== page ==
I’ve argued that the biggest threat to rewards credit cards is that interchange fees, the percentage of each transaction that the banks and payment networks take, will fall.
Currently banks work hard to incentivize consumers to use their cards, in order to earn these fees (as well as the chance of earning APR from customers who don’t pay off their cards in full each month). They’ll buy miles from airlines or points from hotels, or offer cash back, or entice with other rewards. It’s a competitive business and the most lucrative cards are giving consumers back nearly everything (and sometimes even everything) that the banks take in.
If interchange fees fall, it will no longer make as much sense to pay out rewards. That’s what happened to rewards debit cards. The Durbin Amendment to Dodd Frank financial reform legislation banned earning a profit on debit cards.
- As a result banks largely stopped offering rewards for using a debit card — it no longer made sense to spend money to get consumers to push transactions onto a product which wasn’t making money.
- Since debit cards were no longer profitable, that made many checking accounts no longer profitable. Banks started insisting on minimum balances or payroll direct deposit before waiving fees. That pushed some consumers out of the banking system and into check cashing stores and elsewhere. (Incidentally the idea behind American Express Bluebird and Redbird was to offer a product that earned higher fees, circumventing the Durbin Amendment, while offering better service to the unbanked — and meeting them where they already are, Target and Walmart. How on earth American Express failed to profit on this I cannot figure.)
There are (3) ways that interchange rates for credit cards could fall.
- Competition. Already we’re seeing big merchants like Costco, Amazon, and others negotiate very low credit card processing costs. American Express is voluntarily lowering rates to entice small businesses to accept their cards.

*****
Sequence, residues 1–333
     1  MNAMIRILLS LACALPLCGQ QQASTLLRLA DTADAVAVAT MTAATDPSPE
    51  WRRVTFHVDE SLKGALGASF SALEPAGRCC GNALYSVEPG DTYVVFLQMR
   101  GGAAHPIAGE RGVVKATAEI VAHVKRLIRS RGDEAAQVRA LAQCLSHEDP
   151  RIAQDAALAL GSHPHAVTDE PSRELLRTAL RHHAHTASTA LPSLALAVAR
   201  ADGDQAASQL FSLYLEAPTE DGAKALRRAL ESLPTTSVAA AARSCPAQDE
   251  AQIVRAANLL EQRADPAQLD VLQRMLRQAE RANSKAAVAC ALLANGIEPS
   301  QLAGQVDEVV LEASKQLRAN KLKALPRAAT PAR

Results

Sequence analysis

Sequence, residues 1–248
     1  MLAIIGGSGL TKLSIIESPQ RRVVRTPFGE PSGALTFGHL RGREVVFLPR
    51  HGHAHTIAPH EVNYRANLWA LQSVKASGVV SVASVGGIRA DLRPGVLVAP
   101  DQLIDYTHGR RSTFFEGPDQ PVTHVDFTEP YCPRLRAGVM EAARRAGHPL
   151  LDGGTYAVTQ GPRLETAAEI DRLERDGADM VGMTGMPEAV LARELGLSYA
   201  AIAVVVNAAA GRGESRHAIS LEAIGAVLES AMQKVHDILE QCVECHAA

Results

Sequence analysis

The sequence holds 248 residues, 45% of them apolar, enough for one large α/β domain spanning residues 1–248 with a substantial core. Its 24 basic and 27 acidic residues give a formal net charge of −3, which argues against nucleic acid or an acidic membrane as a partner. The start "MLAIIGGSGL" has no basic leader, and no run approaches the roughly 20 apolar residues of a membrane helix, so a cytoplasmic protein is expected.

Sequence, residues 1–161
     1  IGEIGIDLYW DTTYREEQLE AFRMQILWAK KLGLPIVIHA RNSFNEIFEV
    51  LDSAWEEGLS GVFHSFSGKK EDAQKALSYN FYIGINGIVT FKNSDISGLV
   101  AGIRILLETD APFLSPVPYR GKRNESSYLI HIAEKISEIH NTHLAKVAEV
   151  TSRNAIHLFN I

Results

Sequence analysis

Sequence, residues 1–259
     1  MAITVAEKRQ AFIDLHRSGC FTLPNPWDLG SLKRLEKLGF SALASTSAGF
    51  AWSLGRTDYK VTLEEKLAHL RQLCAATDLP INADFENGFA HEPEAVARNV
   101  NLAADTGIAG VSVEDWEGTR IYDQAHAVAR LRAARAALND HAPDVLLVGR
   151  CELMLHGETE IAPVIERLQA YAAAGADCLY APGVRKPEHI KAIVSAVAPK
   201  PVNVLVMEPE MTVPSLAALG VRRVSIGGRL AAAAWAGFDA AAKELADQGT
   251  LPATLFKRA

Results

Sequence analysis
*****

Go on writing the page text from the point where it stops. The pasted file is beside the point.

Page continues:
- Regulation. Australia and Europe have regulated interchange and their credit cards are far less rewarding as a result. Incidentally this hasn’t reduced consumer prices. We’re not likely to see regulation here out of a Trump administration, but it could become a priority for a future Democratic administration.
- Technology. This is in some ways a subset of competition. New payment technologies drive down the cost of processing payments, there won’t be as much of a margin to support rich rewards.
My long-term view has been that interchange rates are much likely to be lower 10 and 15 years from now than higher. That was almost an unheard of perspective when I started talking about it a few years ago, now it’s not all that controversial.
However what’s interesting to see is that the opposite seems to be happening. The Wall Street Journal is reporting that Visa, Mastercard, and Discover are set to raise interchange rates slightly this spring. That’s the opposite of what I’d expect, and it will be interesting to see how sustainable this is.
Ultimately whether current or increasing interchange rates are sustainable is crucial to airline and hotel businesses. Marriott used their new credit card deal to help cement hotels together in the new loyalty program. American Airlines only made money in 2018 because of their credit card deal, and not overall from flying airplanes. The biggest airline co-brand agreements are bringing in over $3 billion in revenue each year.